The new breed of freeports, however, have moved decisively upmarket. The one in Luxembourg is at pains to stress its legitimacy, and says it welcomes queries from journalists. David Arendt, managing director, says: “The legislative framework under which the Luxembourg Freeport operates guarantees total traceability of all goods stored and ensures that all activities strictly comply with international standards. The supervisory and enforcing  authority is the Luxembourg customs authority, which has to vet all operators of the Freeport,  who in turn have to declare in detail  all incoming goods and outgoing goods.

“Goods and services in the Luxembourg Freeport benefit from a regime of suspension of VAT and customs duties which is completely compatible with EU legislation. VAT is collected and payable by the owner who removes the goods from the freeport. There are hundreds of freeports and thousands of bonded warehouses in the EU operating under this regime.”

To the criticism of art being hidden behind closed doors, he says: “The Luxembourg Freeport has eight showrooms and a spectacular lobby designed to display the goods in storage. Also, temporary importations into the EU, while works of art remain under the suspension regime, are possible for participation of those works in museum exhibitions, fairs or  gallery shows.”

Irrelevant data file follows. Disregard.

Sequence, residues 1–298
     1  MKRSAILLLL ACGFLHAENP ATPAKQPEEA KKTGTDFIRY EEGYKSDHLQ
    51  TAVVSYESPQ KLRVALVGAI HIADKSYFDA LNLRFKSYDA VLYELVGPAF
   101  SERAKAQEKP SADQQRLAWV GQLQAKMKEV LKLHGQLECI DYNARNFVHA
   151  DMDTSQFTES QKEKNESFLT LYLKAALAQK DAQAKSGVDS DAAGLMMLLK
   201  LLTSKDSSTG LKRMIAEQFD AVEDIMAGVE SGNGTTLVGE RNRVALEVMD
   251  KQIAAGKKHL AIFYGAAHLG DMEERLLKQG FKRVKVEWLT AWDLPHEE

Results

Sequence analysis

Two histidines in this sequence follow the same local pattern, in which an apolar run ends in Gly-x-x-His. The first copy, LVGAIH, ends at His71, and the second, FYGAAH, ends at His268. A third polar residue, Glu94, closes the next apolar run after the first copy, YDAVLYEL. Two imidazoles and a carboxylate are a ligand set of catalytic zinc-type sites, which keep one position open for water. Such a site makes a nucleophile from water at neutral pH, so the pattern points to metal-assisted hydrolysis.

But Richtung22 is unconvinced. As are others who say that not only are the owners of art and other treasures hoping to tap into the investment potential of the storage centres (The Economist magazine’s valuables index has beaten stocks over the last decade) but also from their ability to avoid tax and scrutiny. Freeports can offer confidentiality, with, for example, the possessors of the treasures storing goods owned through nominee accounts.

That’s handy at a time when, for example, cash (and other investments) held in offshore financial centres is increasingly being drawn into the authorities’ spotlight thanks to the fall of banking secrecy laws in places like Luxembourg and Switzerland. 

The Luxembourg facility opened in the same week that the OECD unveiled proposals to tackle multinational corporate tax avoidance.